Introduction to Guide To Mussorie
Wonder how one hill station can provide you with historical glory along with the agony of people rushing to save their lives? What if we tell you how a hill station became home for the invaders and overseas for the native Indians.
Yes, we are talking about the queen of hills and the loner’s wonderland Mussorie.
Once home to the Britishers, Mussorie stands at an altitude of 6758 ft in the Shivalik ranges. India being a diverse country has its geographical boundaries starting from the Great Himalayas also known as the ‘Himadri’ followed by Himachal and the Shivalik.
No other country such as India is this beautiful to own lands like Mussorie in the Shiwaliks or the lower Himalayas.
Mansur, a shrub grown in the undeniable land of Mussoorie brought Mussoorie its name and glory. once very less populated hill town now stands at over 35000 people.
Residing in the district of Dehradun, once conquered by the Great Umer Singh Thapa in the 1800s led to the establishment of Mussorie often referred to as Mansuri by Native Indians.
The beautiful wonder of nature was captured by the British once war broke out between the Thapa Regime and Britishers which made Mussorie the home for the British.
Digging out the history of the Invaders it is believed that Britishers must have destroyed the beautiful Mussoorie and brought down its glory but in fact, it was the British who brought Electricity to the hill town nearly 120 years ago.
During a recent interview with a British Indian family, Indiapost found how the Family forefathers resided in a posh bungalow in Uttarakhand and sang their beautiful anthem ‘God Save The Queen’ while seeing Electricity in the hill town for the very first time!
As quoted by Jones Arrow Macualy his great grandfather loved how Indians in Mussoorie were fascinated about street lights being brought up by the Britishers to lit up the beautiful markets situated in Mussorie.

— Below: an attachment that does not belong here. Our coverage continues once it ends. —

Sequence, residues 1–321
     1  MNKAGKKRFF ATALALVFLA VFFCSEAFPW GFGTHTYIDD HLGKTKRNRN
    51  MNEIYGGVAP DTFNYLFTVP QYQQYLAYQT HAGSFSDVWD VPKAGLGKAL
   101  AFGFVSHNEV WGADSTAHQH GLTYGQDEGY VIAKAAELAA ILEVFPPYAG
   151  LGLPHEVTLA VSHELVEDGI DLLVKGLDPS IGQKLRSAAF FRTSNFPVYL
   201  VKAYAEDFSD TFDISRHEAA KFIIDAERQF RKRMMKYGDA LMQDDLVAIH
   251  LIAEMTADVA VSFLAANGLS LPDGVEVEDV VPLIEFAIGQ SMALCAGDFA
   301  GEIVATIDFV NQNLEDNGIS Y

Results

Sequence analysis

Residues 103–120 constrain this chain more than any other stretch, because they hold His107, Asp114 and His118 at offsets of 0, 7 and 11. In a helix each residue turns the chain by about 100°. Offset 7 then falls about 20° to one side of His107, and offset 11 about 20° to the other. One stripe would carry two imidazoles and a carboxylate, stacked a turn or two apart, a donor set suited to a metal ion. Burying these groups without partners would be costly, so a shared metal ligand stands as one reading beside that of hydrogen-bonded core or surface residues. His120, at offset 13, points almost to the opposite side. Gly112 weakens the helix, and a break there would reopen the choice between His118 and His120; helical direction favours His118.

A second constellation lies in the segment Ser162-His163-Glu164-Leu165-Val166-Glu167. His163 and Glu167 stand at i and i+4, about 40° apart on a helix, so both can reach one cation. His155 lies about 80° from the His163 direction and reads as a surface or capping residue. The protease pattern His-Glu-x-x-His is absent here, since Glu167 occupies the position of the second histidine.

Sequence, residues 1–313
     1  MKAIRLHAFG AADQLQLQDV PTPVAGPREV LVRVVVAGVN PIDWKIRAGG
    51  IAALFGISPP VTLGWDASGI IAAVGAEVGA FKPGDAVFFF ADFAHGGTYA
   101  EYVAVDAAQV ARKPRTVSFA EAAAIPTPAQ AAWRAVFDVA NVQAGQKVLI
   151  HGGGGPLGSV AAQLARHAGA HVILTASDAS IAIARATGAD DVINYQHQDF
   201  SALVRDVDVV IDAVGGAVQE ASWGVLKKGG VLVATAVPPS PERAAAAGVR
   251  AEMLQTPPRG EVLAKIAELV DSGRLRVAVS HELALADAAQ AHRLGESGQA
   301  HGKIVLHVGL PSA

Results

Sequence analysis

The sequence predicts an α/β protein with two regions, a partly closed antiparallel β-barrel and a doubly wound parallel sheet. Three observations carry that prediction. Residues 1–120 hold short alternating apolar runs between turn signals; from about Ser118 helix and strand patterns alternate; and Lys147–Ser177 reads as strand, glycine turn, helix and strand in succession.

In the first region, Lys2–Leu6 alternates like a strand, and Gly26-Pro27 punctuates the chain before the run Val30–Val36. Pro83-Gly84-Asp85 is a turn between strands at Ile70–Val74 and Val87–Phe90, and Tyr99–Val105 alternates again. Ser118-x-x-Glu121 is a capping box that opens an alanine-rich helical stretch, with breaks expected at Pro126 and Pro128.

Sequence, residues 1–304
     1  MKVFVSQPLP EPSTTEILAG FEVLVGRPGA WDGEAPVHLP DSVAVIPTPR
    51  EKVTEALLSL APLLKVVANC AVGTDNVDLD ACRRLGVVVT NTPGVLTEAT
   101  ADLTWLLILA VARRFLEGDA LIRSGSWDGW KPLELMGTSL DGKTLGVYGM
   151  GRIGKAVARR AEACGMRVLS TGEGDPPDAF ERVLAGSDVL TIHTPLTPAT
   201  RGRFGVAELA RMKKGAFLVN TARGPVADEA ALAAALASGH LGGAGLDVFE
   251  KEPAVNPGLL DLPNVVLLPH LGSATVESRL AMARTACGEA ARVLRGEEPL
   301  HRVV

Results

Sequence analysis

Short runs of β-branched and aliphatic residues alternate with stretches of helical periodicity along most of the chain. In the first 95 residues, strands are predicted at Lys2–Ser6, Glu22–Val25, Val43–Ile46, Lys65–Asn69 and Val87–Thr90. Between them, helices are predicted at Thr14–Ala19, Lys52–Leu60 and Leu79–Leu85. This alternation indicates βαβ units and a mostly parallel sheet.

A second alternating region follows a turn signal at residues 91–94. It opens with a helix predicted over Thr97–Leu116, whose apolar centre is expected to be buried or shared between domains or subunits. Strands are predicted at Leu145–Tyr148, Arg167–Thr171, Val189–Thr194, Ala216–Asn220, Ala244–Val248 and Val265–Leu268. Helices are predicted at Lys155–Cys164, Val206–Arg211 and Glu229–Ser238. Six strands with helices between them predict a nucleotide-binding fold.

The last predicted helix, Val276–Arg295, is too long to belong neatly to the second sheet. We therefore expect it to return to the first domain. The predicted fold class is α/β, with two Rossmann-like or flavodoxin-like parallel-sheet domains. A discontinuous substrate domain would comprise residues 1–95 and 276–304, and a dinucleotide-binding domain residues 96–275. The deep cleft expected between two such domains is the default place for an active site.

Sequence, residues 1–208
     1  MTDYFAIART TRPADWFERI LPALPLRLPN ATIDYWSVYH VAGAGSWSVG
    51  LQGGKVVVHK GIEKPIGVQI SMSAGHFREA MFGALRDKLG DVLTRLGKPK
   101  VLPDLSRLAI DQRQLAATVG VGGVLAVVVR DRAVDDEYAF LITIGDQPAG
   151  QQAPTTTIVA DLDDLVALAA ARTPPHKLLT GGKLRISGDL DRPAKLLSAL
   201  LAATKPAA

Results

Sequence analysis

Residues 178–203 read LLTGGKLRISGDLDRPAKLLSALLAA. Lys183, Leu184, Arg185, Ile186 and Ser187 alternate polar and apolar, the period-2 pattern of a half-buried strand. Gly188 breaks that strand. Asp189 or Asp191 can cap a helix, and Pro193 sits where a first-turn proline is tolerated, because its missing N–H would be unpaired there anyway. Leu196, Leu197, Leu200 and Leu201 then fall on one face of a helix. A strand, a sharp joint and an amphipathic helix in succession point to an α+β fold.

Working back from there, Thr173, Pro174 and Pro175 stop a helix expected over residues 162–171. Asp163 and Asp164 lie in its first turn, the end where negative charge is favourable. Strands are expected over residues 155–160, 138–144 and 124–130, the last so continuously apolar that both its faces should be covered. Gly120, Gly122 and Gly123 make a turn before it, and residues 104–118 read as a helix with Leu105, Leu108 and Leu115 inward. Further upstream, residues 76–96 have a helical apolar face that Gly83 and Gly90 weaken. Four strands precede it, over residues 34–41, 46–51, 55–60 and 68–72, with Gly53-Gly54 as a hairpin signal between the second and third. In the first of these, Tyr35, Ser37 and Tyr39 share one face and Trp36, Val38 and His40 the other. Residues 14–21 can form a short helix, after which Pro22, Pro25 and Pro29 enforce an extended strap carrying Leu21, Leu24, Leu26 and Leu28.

One such place where the War Veteran himself Mr. Adam Benedict Macualy remembers as the place to where electricity was considered hostile to the household environments among Indians – The Gandhi Chowk.
They were scared of the devastating effects of electricity.
Moving towards the Establishment it was none other than the Britishers who Commissioned the power station to bring up electricity and water to the land of wonders – Mussorie.
Then what made the town overseas for Indians and home for Britishers? the setting up of place of racial discrimination the white towns and the black towns along with the Great Loot.
Racial discrimination is not new to the world and the United Kingdom had been the root of this problem by considering themselves as a superiorly dominating white race.
Not only discrimination but loot led by the Britishers particularly the English East India Company made it clear to the Mansurians about how they’ve arrived to take over what was already ours.
Remembering one such incident with ‘Mrs. Anita Thapa Macaulay’ it was a Socially boycotting move if one married the British or the Invaders married the Natives.
Mr. Maculay during the Interview describes how the then political Activist B.R. Ambedkar had a great Influence over the Dalits and the downtrodden and marrying a lady from the same caste brought him closer to Bhim Rao.
With closer ties to Bhim Rao, Britishers were able to convey it to the people of Mussoorie especially Dalits how they found Mussorie as Mini Europe and could relate them as their own people.
although all of this was suggested by the EEIC to hail support of the native Indians and dig up their wells of fortune.
Since we all know how The British at several times looted the natives and destroyed their fortunes, but during this interview, we were able to know how the Macaulay family found the spark out of a wildfire which led to the establishment of their family and several other constructions in the Great Victorian style.
Wrapping up, and In order to support the Manurians or the people of Mussorie during this pandemic, we urge you to travel with all the SOP’s and precautions in place.
You may simply register at the official website and visit the place made by the love and blood of both British and Indians.